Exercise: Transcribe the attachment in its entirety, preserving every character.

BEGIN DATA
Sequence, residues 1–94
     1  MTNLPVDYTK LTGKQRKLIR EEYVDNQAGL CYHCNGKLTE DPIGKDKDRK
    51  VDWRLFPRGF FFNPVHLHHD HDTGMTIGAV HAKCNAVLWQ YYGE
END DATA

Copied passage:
Sequence, residues 1–94
     1  MTNLPVDYTK LTGKQRKLIR EEYVDNQAGL CYHCNGKLTE DPIGKDKDRK
    51  VDWRLFPRGF FFNPVHLHHD HDTGMTIGAV HAKCNAVLWQ YYGE